In 2007, I spent an entire year at the University of Cape Town. While the whole experience may have been a waste for me (and the people who sponsored me to go), it was certainly an interesting and illuminating period. I have no idea why I got in as I couldn’t be bothered to read through the thick reams of entrance paperwork. I would hope that it was on the strength of my academic achievements in high school. But there’s a very good reason why I chose UCT: not only did it demand the cheapest registration fee (R90) of the forms that I had before me at the time, it was also famous for having an admissions policy that was biased towards “previously disadvantaged” applicants. And I certainly considered myself to fall in this special category. I only owned two pairs of takkies, for heaven’s sake.
Recently, there’s been a bit of a debate about the UCT admissions policy. To put it in terms a boy from Hope can understand: the university identifies that under apartheid, opportunity was pinned to race, and therefore, in its duty to pursue redress, it needed to lean its admissions practices towards previously disadvantaged students, who would be black.
This policy has come under enormous criticism for apparently fostering reverse apartheid and I gather some opprobrium for blacks who feel miffed because they are sometimes regarded as having made their way into UCT because they’re black, and not because they’re brainy.
In fact, the entire submission by the Democratic Alliance Students’ Organisation (Daso) seems to be based on that sentiment. Well, bollocks to that, I say.
Look, this isn’t to say that there aren’t some very smart and very capable black people out there who rightly feel alienated because the whites they interact with wrongly think that they got to where they are through means other than sheer ability. That happens a lot. My dears, affirmative action was never really thrust in your direction anyway. Think about it. Would AA and BEE have ever been necessary if every black child in South Africa was born into a middle class family? No, it wouldn’t.
Think about this: in 2008, South Africa had roughly 49,5-million people living within its borders, and about 12-million of them depended on a government grant to survive from day to day. The majority of those people, overwhelmingly so, are black. As the population of the country has grown to over 50-million, the number of grant recipients has been in pace.
We can argue all day about why this social grant situation is as it is, but the fact is that it cannot continue to be like this. We simply have too many South Africans living perilously close to starvation. The good news in this regard is that government intervention is moving more and more citizens away from the poverty line.
And it is in this spirit that we should view university admission policies that have an affirmative action bent. Forget about diversity vs representivity, or what prejudiced whites think of black people in universities – these policies are about moving as many people as we can who are shut out of opportunities and would otherwise spend their lives as dependents of the state into the knowledge economy, and thus better job and life prospects.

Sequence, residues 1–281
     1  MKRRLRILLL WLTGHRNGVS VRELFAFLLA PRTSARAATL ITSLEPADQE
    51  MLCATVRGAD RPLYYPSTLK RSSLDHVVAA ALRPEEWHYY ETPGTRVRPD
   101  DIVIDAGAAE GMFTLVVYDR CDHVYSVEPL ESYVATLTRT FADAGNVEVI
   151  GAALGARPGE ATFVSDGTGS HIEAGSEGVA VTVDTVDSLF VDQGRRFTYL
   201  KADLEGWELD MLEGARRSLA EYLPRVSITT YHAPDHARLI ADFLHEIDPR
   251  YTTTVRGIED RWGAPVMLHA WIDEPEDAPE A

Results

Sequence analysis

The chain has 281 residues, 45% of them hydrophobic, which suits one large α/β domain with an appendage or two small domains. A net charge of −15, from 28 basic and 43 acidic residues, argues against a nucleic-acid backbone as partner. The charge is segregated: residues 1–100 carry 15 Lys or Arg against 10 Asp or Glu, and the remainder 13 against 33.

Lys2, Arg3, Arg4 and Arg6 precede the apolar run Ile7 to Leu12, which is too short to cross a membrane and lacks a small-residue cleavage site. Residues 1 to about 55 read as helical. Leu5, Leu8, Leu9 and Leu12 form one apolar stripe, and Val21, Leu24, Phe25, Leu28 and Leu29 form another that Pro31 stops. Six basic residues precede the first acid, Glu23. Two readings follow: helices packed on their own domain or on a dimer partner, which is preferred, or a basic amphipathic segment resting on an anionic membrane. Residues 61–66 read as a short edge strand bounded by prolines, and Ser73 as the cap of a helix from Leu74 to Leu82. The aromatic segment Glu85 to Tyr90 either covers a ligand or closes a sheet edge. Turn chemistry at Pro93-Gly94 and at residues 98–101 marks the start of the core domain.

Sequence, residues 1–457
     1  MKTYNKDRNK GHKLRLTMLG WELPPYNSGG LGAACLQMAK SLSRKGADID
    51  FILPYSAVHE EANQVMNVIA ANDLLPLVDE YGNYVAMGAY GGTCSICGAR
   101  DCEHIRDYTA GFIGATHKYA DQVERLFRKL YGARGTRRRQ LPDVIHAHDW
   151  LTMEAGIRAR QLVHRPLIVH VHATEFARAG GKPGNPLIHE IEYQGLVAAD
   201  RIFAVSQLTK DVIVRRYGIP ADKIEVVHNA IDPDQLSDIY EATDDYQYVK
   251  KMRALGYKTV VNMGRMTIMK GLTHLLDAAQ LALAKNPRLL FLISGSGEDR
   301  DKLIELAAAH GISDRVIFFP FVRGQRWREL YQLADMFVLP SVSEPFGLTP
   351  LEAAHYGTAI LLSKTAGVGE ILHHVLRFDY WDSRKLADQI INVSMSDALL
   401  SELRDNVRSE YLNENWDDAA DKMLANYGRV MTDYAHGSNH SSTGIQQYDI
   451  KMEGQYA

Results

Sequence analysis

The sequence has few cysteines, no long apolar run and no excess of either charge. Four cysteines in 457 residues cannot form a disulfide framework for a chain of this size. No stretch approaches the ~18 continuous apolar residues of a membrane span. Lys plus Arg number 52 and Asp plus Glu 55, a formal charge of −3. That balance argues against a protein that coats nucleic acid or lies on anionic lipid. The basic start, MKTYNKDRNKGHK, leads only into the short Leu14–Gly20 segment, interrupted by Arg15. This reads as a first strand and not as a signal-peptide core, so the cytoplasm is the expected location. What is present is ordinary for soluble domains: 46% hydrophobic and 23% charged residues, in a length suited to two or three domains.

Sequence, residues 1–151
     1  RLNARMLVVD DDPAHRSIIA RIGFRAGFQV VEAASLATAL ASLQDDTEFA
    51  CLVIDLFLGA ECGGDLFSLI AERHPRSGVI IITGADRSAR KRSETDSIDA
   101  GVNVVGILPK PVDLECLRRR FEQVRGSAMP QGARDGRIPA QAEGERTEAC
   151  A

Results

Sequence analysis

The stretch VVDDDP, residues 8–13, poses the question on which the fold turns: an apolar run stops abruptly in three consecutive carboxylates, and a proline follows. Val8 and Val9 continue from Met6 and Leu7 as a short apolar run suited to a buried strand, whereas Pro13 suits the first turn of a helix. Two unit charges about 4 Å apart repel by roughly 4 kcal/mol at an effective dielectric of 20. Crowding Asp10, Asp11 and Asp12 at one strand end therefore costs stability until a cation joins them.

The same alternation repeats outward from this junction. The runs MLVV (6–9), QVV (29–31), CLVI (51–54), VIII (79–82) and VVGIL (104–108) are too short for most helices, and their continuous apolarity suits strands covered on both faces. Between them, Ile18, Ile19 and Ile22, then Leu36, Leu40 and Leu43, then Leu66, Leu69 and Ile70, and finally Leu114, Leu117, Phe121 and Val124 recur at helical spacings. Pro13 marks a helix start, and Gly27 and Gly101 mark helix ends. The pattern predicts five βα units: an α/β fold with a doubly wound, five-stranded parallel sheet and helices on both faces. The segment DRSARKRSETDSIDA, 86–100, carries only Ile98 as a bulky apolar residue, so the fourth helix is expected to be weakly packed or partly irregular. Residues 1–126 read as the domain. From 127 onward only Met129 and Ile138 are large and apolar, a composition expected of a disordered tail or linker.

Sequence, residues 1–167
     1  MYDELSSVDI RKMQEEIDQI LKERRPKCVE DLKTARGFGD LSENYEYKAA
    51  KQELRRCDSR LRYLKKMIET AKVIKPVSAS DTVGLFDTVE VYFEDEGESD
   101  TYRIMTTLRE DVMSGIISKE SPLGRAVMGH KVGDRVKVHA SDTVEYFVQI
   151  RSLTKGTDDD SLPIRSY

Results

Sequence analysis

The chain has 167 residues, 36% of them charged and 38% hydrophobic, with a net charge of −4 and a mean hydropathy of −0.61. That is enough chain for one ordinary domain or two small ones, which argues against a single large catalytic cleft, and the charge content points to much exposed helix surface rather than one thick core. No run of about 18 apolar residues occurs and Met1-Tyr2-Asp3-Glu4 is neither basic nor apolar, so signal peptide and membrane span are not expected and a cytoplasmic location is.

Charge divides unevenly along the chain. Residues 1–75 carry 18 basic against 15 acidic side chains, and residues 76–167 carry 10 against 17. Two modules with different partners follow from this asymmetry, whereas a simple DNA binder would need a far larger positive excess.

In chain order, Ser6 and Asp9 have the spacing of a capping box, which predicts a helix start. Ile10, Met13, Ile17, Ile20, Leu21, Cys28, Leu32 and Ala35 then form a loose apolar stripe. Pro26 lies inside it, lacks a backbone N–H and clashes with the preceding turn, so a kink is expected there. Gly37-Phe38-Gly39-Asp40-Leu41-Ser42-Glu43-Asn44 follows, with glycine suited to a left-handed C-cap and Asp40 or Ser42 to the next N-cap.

I interviewed one UCT student whose life story made a lasting impression when I met him very briefly in 2011. Khethelo Xulu is currently pursuing a master’s degree in haematology, and is from Empangeni in Northern KwaZulu-Natal, one of the poorest areas of the country. The circumstances he had to overcome to make it to UCT are truly astounding (meeting him in Zurich made the distinction between his background and his current situation even more incongruous).
Khethelo is one of the most amazing people I have ever met. He is the chairman of the Bumbanani Youth for Social Change, which works to solve the difficult problems of illiteracy and joblessness that plague his community in KZN. When I think of UCT’s admissions policy, I always picture Khethelo and the place he comes from, and I suddenly find it to be very welcome.
“It is an undisputable fact that the majority of the black learners go to the disadvantaged schools in the townships and the rural areas,” Khethelo said. “Given the prevailing conditions in those areas, how does Daso expect these learners to ‘demonstrate the potential to achieve excellent academic outcomes despite an inadequate primary and secondary education’? Despite the highly talented learners that usually get chosen by institutions like UCT, the rest of the other learners dare not dream about studying at an institution like UCT. Won’t this continue to perpetuate the class divide we are already seeing in our country, where [only] a few black elite joining the existent ‘gentlemen’s club’?”
He continued: “Ideally, we should eventually move to a system where race won’t be the main criterion for selecting a particular student. However, this requires that we improve our educational system and ensure that all the learners are on par regardless of the school they attend. Now this requires all the stakeholders to play an active role in assisting government achieve this objective.
“The increase in the number of black graduates will indeed go a long way in contributing towards this agenda as more young people from the townships will have positive role models from within their societies; there will be a new breed of parents who care and are able to assist their children with their education, particularly during the early development stages,” he said.
Do you now understand what the affirmative action is? DM
- Race is just a useful marker to distinguish between the worthy and unworthy in Daily Maverick.